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Here’s What The People Of Telangana Are Thinking As They Head To Vote

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People’s Pulse, a Hyderabad-based political research organization, has done an extensive field study of eight integrated districts (21 present districts) in Telangana to elicit people’s opinions and gauge the mood of the people. This report presents preliminary observations and draws conclusions.

The research team of People’s Pulse consisting of research scholars spent 15 days in the field, travelling 3,137 km, visiting more than 1,000 people in 102 villages (70% of them were in the interiors and away from the main roads) to gain insight into the public mood and the prevailing election atmosphere.

The team held focused and in-depth discussions with farmers, farm labour, women, youth, minorities, Dalits, backward classes and communities from the forward castes. Detailed discussions were also held with employees, both from government and private sectors. The survey covered Rangareddy, Mahbubnagar, Nalgonda, Khammam, Medak, Warangal, Karimnagar and Nizamabad districts (Rangareddy Vikarabad, Mahabubnagar, Jogulamba Gadwal, Wanaparthy, Nagarukurnool, Nalgonda, Suryapet, Khammam, Bhadradri Kothagudem, Mahabubabad, Warangal Rural, Jayashankar Bhupalpally, Peddapalli, Karimnagar, Jagtial, Rajanna Sircilla, Nizamabad, Kamareddy, Medak and Sangareddy districts), spread across 44 Legislative Assembly constituencies.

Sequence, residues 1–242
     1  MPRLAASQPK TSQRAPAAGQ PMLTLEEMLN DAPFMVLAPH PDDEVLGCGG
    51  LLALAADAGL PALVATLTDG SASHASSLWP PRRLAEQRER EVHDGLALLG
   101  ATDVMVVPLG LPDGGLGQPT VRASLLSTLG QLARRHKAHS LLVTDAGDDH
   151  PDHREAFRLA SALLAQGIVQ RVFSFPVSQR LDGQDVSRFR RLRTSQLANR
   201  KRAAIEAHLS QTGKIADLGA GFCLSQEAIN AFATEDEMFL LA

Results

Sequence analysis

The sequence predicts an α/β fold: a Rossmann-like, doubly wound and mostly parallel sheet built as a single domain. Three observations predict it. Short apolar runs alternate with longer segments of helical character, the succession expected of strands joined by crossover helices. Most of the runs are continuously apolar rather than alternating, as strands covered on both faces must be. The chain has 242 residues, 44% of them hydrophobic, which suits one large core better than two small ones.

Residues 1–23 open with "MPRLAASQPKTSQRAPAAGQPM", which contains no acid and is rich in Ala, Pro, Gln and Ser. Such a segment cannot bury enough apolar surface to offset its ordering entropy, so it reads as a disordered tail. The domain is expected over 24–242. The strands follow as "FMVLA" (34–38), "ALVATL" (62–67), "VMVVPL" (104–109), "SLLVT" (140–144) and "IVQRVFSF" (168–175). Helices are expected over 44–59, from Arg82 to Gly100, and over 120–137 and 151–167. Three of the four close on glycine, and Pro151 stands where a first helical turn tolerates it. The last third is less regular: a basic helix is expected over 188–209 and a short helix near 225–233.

The main focus of this study is to understand the people’s mood about the government dissolving the Assembly before nine months. As a result of this, we had to focus on the alliances being attempted by Opposition parties, particularly the Congress, TDP, CPI and TJS, the mood about the TRS government’s performance and the disposition of the voters towards their sitting MLAs. During the course of this, we gained insight about the popular leaders, the role of the BJP and the Bahujan Left Front.